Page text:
Steve Goble

Choose life. (Deuteronomy 30:19)

Adapting a popular story for another medium is rarely done very well, but 2002's Spider-Man really gets it.

Mainly, I think, because it aims to get in everything.

A great deal of the classic comic series' history gets compressed into just two hours here, right down to supporting role Harry Osborn's (James Franco) relationships with his father (Willem Dafoe) and Mary Jane Watson (Kirsten Dunst). J K Simmons as the larger-than-life J Jonah Jameson exactly treads the line between character and comedy, and even Cliff Robertson gives Ben Parker such presence that after his carjacking the second half of the film painfully misses him.

That reworked murder also represents the rest of what goes well for this adaptation - all the new stuff. In the original strip, Ben got shot by a burglar at home one night, but the updating of his murder to a more modern method, in the same style, enables this film the retain the comic's sense of telling a fresh story.

And Ben's death is arguably the most pivotal event in Peter Parker's time-honoured hero's journey. When Pete earlier lets the thief get away, sealing his uncle's fate, even though I already knew the story, I sat there in the cinema knowing that I would have made the same deadly mistake.

Which brings us to how well this movie gets Peter Parker.

Tobey Macguire is excellent in the role, realising the hapless bookworm so effectively that it's no wonder they dropped his alter ego's penchant for wisecracks. Somehow, the two personas just wouldn't have seemed like the same guy on film.

Not to say that this movie consequently lacks comedy. The ogres on show when Parker enters the wrestling match are hilarious because they are so extreme.

Where, for me, the film falls shortest would be in its melodramatic dialogue, particularly Ben and May's (Rosemary Harris) scenes. While so much exposition out loud of how the plot is developing is may be another symptom of following the comicbooks' lead, some of it did make me feel as though I was watching a play.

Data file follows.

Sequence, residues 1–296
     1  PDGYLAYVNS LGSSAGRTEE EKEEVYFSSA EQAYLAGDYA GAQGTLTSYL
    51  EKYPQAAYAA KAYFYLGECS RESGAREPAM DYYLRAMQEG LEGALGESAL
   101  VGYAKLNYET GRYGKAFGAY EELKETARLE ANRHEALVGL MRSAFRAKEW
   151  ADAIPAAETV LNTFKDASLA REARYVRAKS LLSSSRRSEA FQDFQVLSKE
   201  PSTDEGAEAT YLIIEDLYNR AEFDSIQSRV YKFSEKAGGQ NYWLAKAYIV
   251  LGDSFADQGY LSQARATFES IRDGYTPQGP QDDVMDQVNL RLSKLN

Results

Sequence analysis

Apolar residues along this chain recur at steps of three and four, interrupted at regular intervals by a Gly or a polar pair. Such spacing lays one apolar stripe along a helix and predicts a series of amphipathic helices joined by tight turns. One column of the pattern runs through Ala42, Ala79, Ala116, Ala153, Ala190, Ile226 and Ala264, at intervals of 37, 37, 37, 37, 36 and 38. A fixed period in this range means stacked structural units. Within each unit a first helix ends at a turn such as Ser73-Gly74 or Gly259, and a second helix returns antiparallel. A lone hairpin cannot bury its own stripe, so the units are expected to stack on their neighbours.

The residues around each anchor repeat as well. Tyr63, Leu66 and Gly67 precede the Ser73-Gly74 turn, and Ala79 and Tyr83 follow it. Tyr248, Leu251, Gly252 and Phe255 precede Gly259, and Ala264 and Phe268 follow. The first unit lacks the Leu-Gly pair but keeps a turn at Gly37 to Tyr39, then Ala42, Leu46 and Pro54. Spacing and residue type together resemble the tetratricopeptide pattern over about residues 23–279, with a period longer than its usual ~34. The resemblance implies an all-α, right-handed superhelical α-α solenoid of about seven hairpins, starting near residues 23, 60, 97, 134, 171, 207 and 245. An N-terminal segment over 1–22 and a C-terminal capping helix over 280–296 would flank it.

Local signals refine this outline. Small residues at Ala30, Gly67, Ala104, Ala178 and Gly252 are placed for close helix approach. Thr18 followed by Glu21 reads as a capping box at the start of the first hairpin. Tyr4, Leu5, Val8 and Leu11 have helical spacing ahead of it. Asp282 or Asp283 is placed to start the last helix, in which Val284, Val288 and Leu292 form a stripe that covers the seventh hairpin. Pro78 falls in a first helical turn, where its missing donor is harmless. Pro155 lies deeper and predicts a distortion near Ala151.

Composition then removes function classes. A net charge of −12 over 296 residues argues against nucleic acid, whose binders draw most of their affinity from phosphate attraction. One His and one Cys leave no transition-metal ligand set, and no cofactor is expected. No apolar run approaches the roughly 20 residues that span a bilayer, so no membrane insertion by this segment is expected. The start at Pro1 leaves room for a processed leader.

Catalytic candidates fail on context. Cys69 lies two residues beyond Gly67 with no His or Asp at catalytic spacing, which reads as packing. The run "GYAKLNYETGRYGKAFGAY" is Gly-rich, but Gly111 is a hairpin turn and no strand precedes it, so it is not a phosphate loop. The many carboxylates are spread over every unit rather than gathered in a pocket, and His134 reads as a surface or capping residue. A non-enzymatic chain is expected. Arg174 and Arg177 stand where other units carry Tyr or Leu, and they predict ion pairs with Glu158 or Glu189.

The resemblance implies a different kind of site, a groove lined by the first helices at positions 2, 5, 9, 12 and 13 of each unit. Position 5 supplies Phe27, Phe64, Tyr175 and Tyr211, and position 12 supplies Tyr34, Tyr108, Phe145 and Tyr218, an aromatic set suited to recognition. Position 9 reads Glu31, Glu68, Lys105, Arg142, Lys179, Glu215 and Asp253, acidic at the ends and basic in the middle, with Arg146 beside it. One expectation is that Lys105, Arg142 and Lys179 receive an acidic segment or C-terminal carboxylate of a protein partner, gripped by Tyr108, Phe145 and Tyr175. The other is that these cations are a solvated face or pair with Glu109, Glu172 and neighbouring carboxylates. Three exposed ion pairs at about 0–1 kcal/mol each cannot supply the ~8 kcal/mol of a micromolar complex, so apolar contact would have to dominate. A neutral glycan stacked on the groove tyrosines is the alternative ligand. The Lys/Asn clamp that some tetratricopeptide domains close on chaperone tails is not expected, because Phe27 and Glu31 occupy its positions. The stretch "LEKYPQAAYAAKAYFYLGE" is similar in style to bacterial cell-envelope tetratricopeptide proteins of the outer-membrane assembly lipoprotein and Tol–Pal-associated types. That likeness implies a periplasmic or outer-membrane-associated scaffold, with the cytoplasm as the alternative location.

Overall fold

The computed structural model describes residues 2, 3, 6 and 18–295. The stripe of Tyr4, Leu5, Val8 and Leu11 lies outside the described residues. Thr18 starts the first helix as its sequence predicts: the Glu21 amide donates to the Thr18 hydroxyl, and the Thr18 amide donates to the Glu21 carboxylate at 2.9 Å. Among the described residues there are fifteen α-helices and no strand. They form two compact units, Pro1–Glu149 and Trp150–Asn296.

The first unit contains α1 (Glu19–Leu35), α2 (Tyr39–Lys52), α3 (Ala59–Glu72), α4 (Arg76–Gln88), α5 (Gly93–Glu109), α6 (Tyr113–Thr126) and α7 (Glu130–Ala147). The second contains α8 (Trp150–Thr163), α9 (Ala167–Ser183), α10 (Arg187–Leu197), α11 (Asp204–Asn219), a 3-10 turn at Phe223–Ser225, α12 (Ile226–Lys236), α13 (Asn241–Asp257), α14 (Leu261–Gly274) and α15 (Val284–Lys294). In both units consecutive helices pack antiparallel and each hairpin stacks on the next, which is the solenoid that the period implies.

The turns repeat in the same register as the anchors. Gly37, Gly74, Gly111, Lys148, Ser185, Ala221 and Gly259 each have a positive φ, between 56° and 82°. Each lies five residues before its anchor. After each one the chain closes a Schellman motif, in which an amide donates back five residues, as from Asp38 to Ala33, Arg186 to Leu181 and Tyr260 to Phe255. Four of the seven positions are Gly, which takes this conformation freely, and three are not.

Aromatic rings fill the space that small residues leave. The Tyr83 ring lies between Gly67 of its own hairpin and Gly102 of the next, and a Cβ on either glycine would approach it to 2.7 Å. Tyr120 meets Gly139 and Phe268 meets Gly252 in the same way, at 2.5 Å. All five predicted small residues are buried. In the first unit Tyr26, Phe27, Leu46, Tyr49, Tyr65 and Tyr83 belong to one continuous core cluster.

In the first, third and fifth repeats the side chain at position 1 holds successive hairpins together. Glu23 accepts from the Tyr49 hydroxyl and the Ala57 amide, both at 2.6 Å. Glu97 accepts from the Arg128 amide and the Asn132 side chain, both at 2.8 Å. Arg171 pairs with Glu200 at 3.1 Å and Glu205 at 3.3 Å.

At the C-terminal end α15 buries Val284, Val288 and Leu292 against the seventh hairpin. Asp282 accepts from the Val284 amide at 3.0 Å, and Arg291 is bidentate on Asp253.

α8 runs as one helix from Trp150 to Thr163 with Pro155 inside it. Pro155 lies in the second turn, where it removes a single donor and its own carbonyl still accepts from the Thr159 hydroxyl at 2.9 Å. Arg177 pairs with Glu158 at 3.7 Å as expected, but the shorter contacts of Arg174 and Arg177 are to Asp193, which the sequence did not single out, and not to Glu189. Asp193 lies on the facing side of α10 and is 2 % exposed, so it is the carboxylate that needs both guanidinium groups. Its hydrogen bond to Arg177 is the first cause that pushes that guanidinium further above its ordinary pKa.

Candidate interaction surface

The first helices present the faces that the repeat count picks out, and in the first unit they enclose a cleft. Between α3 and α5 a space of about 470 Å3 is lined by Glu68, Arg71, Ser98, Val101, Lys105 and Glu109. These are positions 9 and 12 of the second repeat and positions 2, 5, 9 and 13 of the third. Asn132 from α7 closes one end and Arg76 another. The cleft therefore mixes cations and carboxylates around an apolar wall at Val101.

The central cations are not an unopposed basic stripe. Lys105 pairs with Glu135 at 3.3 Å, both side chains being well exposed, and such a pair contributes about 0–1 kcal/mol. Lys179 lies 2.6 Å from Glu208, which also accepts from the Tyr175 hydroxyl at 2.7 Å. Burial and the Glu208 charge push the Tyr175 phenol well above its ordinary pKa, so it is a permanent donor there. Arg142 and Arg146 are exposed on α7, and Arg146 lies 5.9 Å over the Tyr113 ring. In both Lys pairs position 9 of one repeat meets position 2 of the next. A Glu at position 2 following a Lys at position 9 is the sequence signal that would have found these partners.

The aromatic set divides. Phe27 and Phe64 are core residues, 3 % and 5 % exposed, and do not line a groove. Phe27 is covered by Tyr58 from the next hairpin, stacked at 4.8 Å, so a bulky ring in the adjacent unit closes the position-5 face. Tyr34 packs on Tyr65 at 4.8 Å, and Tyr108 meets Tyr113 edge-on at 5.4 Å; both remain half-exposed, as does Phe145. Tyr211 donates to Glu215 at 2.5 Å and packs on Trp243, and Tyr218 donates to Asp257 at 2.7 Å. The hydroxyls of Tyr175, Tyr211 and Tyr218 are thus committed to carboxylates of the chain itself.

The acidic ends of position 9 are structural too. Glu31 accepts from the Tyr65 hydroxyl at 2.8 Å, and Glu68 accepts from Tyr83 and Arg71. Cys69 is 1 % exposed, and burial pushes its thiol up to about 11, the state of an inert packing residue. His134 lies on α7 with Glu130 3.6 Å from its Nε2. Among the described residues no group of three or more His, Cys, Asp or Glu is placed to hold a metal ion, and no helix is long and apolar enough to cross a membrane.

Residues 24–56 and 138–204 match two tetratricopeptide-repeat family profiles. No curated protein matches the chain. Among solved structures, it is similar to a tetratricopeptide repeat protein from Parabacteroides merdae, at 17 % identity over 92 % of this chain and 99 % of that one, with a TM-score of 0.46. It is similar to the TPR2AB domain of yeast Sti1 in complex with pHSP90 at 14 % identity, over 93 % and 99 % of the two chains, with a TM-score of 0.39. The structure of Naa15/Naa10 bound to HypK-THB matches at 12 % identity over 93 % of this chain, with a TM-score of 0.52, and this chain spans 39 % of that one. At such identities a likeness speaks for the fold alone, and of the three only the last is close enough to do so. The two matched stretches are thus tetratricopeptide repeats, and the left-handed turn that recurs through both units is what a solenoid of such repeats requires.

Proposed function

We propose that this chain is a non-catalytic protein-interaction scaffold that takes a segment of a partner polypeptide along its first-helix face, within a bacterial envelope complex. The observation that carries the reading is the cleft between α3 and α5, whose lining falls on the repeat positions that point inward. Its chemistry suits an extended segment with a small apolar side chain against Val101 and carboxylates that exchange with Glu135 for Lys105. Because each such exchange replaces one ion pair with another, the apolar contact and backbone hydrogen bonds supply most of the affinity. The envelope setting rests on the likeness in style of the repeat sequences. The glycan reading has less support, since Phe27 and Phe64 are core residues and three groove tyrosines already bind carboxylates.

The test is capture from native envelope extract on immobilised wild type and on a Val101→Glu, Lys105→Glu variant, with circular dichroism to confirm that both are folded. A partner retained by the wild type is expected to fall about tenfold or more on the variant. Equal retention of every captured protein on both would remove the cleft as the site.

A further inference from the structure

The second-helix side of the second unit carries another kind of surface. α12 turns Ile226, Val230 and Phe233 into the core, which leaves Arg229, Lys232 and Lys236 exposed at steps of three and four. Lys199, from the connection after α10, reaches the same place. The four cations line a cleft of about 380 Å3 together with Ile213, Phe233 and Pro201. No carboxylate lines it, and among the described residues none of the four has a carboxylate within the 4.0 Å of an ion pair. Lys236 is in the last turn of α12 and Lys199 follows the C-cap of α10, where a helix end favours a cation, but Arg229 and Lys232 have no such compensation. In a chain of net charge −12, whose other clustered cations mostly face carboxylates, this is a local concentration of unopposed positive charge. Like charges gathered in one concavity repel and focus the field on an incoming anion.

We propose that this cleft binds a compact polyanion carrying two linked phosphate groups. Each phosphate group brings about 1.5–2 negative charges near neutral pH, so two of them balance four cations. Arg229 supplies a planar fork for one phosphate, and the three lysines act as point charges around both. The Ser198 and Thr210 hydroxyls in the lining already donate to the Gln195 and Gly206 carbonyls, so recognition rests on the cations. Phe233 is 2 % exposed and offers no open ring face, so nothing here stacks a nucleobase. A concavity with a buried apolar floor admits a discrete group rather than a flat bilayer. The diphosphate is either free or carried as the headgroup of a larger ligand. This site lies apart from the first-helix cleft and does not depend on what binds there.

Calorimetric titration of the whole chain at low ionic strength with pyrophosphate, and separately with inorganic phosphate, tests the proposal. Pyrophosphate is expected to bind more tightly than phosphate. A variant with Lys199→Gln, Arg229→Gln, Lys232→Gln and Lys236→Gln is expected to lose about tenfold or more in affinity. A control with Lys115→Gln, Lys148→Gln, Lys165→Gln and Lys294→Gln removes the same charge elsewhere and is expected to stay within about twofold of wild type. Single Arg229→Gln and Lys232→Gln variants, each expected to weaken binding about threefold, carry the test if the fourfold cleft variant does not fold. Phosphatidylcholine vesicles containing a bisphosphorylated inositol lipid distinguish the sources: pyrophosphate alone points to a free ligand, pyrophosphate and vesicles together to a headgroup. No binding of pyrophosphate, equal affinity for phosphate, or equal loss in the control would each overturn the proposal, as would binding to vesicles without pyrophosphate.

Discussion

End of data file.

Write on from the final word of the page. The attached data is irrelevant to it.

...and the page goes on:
Another example of this hurried narrative would be Spider-Man's saving Mary Jane from being attacked at knifepoint, following which she passionately kisses him before he swings off leaving her behind in the same alley, with at least one of her assailants apparently still there. The scene had served its purpose and that, apparently, was all that was required of it.

Likewise, the film's topical elements didn't sit well in 2002, and today are the only components that date it. I'm referring to the sudden brief appearance of a singer character named Macy Gray, portrayed serendipitously by actress Macy Gray.

Also that added-in post 9/11 remark "We're New Yorkers man - you mess with one of us, you mess with all!" Uh, yeah, tell that to Uncle Ben's murderer. (New Yorker) And Mary Jane's attackers. (New Yorkers) And the guy who you're actually speaking to - the Green Goblin. (New Yorker) Oh, you did.

Overall though, Spider-Man does its job very well, telling its similar story in a similar style.

Best of all though, it features a nameless old guy in shades saving a child from some falling masonry.

Now there goes a real hero.

With thanks to Herschel.

Available here.
Review of Spider-Man 2 here.
Review of Spider-Man 3 here.

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